• Mel Wild says:

          I gave you my answer and now all you are giving is your opinion and conclusions based on very little or no evidence. And there was nothing honest about your question. It was obviously just a pretext to parrot shop-worn anti-Christian talking points.

        • KIA says:

          No… Please answer without the Dodge and without the insult.

        • Mel Wild says:

          LOL! Right. Another one from your playlist. Did you pose an unanswered question somewhere?

        • …all you are giving is your opinion and conclusions based on very little or no evidence.

          KIA and myself know this is unequivocally wrong and misleading. Mel, it is impossible for us secularists or non-Christians to provide you and your readers here (in your comment sections you Moderate and Censor) the VAST amount of relevant/dependent and INDEPENENT evidence against everything you market here on your blog. Point and case, you will most likely censor out my comment following this one leading to “all the evidence” you claim doesn’t exist. Wagers? 😉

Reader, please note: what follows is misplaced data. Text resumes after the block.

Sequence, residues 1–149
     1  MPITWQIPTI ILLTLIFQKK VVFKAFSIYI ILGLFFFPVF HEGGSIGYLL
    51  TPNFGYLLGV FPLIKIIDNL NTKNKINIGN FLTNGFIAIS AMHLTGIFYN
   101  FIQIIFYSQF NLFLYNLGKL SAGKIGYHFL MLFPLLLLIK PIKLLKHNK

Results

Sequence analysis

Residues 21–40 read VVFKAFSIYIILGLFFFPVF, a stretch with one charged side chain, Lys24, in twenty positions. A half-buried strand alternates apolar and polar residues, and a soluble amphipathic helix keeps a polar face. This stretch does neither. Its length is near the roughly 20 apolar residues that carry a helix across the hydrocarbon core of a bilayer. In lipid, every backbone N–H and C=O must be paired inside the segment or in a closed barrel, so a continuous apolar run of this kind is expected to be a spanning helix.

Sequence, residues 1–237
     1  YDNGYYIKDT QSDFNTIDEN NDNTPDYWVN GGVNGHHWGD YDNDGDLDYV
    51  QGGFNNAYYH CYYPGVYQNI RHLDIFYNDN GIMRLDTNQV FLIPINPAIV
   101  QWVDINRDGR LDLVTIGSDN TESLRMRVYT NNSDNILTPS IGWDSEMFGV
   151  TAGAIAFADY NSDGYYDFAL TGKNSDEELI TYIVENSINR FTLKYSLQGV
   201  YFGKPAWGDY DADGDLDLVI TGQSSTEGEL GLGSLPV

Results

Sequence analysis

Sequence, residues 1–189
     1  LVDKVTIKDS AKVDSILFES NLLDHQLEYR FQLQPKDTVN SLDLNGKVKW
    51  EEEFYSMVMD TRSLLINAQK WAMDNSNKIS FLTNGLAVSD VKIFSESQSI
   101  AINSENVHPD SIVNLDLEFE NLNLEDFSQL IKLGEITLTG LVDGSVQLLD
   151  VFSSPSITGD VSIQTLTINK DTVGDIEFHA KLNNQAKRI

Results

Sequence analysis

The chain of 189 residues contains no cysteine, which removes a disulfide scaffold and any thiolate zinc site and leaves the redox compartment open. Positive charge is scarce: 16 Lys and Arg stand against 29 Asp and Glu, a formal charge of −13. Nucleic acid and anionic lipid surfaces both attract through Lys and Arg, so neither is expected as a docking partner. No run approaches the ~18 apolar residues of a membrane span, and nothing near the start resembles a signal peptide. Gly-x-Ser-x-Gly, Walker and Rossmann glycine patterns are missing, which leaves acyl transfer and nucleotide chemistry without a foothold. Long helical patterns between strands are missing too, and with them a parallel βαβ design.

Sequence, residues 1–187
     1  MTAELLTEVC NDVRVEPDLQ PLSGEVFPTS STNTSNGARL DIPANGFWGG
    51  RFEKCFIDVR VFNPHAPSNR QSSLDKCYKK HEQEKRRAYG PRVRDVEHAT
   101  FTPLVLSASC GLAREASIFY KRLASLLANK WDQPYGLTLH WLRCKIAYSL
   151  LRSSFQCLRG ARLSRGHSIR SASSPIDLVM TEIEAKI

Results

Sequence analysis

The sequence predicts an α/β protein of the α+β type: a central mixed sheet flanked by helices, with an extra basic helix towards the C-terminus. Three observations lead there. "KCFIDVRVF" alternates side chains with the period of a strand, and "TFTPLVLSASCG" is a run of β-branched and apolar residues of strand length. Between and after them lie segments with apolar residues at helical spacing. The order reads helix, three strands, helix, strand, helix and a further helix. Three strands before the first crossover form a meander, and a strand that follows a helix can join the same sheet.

• Mel Wild says:

          You see this is the problem. You and KIA don’t even get the point of this post! You seriously don’t get it at all. So, it would be idiotic for me to indulge you here because, no matter what the subject, you just drift back into the same thing again. You use every opportunity as a pretense to parrot your same tired anti-Christian talking points. You really need to get some new stuff to say. It’s one-dimensional and, frankly, vapid. And I don’t have the time to waste going around this merry-go-round again and again.

          “…you will most likely censor out my comment following this one leading to “all the evidence” you claim doesn’t exist.”